New Design for Penn's Commencement 2001

 Above is the architect's rendering of the view of the new stage design from the upper east stands of Franklin Field, with the graduates seated on the field in the foreground.

This year, students, faculty and guests at the University of Pennsylvania will participate in a Commencement that is significantly different from previous years. The ceremony has been redesigned in form and in orientation to use the space of Franklin Field for a more engaging event. Most evident will be a new stage in a new position at the center of the Field, with the skyline of the University and West Philadelphia as its backdrop.

For the first time, all of the Franklin Field Commencement ceremonies will be held on the same stage--designed to be re-usable and universal in its function. The ceremony will focus on the stage, which is large in scale with a unique fabric umbrella canopy and large screen video monitors. The procession will move from the campus through the stage and around the Field; this flow is intended to represent a passage of promise, as the University's graduates symbolically take their places in the world. The goal of the new design and production is to add richness to the ceremony, making the day more meaningful and memorable for everyone.

The project began in Spring 2000 with the intent to reconsider the format of Commencement for 2001, to better celebrate the excellence of the University.

The Project Team identified four objectives:

1) Optimize the Possibilities of Franklin Field as a Venue

  • Franklin Field is a natural setting for University events­one that honors the tradition of Penn and its presence in Philadelphia.
  • As in previous years, the Commencement Procession will wind along Locust Walk and Smith Walk to enter Franklin Field from the west side.
  • The event is oriented to be seen with the skyline of the University and West Philadelphia as a backdrop.
  • Nearly 20,000 anticipated guests can be seated on the north, south, and east stands, like an arena, so their energy and enthusiasm will become part of the event.
  • Guest access is improved by gaining entrance at both the north and south sides of the Field.

2) Realize Long-Term Economies for the University

  • The set is designed and oriented so that it can be used both by the University for Commencement, as well as by the College of Arts and Sciences, the School of Engineering, and the Wharton School for their individual ceremonies. This avoids the need for redundant sets, audio/visual production systems, and chair arrangement as in previous years.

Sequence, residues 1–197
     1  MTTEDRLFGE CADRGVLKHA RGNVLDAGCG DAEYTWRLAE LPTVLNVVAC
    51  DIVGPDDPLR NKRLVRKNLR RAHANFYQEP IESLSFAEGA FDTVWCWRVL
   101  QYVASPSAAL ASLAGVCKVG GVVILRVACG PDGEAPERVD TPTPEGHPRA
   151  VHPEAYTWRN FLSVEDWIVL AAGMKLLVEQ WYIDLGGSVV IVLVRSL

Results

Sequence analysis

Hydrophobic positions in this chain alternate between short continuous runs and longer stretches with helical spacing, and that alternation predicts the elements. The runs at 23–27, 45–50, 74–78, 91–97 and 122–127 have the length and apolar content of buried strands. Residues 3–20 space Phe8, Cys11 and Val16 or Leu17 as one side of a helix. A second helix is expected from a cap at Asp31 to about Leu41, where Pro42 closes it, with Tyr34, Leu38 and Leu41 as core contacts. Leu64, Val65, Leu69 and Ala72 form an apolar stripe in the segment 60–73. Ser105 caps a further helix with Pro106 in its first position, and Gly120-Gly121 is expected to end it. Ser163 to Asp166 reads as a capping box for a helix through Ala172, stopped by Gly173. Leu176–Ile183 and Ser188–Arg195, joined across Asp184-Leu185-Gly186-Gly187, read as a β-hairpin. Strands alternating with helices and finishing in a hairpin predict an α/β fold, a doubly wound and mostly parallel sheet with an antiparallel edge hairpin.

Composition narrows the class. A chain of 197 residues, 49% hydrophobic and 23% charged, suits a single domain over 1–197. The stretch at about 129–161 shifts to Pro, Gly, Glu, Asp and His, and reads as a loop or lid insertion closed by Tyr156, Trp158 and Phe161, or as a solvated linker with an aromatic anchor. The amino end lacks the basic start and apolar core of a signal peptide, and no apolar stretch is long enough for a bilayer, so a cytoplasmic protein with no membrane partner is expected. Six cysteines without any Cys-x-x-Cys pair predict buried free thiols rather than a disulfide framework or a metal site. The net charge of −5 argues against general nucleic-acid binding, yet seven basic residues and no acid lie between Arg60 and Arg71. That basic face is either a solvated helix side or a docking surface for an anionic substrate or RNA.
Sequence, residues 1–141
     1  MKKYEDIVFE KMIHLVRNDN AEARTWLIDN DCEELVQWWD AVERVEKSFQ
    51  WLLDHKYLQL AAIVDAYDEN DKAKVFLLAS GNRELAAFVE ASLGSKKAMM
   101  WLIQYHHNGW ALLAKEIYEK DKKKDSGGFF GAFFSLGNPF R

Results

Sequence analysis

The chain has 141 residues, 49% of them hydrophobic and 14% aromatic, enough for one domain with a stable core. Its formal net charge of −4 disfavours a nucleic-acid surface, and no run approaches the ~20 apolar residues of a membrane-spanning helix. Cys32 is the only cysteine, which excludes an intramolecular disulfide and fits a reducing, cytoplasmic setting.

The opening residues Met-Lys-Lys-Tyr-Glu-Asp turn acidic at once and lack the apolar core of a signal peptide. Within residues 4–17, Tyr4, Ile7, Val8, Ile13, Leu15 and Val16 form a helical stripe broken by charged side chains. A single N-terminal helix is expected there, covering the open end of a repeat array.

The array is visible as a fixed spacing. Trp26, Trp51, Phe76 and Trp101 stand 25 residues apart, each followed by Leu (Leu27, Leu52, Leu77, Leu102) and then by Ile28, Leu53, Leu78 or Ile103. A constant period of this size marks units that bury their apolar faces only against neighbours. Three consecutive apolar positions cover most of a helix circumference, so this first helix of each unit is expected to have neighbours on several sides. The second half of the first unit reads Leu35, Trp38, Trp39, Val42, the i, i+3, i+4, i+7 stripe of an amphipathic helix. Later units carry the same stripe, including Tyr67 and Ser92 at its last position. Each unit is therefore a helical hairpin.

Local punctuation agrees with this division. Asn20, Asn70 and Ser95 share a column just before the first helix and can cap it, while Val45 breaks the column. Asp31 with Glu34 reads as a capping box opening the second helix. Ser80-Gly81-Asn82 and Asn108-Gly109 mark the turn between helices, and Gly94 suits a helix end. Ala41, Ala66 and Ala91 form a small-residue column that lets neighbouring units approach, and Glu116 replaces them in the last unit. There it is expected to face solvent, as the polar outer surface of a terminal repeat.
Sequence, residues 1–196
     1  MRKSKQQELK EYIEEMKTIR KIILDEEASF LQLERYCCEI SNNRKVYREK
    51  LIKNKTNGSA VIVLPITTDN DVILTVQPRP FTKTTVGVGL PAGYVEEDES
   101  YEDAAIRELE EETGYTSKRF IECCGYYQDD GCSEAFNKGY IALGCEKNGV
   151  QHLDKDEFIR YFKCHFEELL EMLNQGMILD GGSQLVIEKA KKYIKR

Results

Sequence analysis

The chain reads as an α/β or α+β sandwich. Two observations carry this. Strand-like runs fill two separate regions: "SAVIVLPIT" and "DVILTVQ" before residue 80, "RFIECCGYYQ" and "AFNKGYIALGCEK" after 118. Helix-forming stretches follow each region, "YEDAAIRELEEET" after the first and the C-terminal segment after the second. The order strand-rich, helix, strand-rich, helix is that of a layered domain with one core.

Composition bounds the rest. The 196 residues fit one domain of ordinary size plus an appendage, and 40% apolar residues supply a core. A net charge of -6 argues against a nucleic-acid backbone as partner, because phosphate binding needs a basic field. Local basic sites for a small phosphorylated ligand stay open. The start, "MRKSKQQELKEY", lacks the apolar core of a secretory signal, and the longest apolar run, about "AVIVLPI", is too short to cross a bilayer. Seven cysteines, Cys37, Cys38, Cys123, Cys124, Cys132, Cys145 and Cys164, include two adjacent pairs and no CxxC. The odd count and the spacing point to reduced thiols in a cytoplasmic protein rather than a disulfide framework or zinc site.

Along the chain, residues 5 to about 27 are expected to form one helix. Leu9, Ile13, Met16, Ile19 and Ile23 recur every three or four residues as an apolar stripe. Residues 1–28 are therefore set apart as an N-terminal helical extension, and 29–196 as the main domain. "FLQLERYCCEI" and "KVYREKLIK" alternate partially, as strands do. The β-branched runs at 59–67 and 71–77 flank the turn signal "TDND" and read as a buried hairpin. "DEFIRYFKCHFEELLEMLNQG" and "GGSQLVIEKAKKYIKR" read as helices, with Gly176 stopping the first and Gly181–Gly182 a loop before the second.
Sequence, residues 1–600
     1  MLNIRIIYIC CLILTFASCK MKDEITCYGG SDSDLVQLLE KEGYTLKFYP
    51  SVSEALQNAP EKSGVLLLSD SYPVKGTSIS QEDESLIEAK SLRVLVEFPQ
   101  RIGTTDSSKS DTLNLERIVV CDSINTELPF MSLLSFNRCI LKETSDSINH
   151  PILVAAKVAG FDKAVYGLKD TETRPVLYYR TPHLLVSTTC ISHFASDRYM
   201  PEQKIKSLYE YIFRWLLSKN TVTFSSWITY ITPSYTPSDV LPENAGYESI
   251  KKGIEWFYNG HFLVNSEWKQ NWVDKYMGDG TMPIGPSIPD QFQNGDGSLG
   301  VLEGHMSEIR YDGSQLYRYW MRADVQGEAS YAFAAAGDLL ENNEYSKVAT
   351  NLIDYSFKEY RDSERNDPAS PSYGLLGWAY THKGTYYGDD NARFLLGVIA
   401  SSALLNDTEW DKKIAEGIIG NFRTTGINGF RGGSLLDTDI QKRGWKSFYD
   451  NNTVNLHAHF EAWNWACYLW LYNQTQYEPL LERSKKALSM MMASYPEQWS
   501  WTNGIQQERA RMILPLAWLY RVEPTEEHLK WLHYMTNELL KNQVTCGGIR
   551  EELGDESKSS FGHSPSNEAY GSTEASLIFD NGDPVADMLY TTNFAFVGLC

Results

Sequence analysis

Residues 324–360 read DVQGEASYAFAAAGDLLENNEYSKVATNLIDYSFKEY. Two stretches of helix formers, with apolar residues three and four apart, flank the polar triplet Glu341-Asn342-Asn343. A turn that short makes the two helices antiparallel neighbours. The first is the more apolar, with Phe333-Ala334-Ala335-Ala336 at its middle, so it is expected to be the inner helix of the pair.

3) Design the Event to be Memorable and Meaningful

  • The set represents the University as an institution­the physical presence of the landscape and the buildings, as well as the place of ideas and traditions.
  • The set has two components, designed to feature two essential aspects of the ceremony: celebration and achievement. These are the Scene, which presents a graphic backdrop to the event, and the Stage, where the efforts of the University community are recognized.
  • There is a dramatic movement of the Commencement Procession through the portal created by the Scene, and around the Field to the participants' respective places in the ceremony. This flow is intended to represent a passage of promise, as the University's graduates symbolically take their places in the world.

4) Create a Focus for the Ceremony

  • Located at the 30 yard line, the set subdivides the space of Franklin Field into a size more suitable for the scale of the event.
  • Two large screen video monitors are integrated into the design of the set, as are audio and lighting production technologies.
  • The Scene is made from standard construction scaffolding, creating a large scale and flexible structure for graphics and the video monitors. The two freestanding frames are 65' wide by 25'.
  • The stage canopy is a uniquely-shaped fabric umbrella that defines the participants, but does not enclose them. It is supported by a bundle of ten radiating frames that are cantilevered over the stage.

The Penn participants on the Team included representatives from the Office of the President, Office of Facilities Services and Office of the Secretary of the University. They consulted with the designers, MGA Partners, a Philadelphia-based architectural firm recognized for innovative projects and awards, most recently the addition and renovation to the Annenberg School for Communication.

--Leslie Laird Kruhly, Secretary of the University

Almanac, Vol. 47, No. 31, April 24, 2001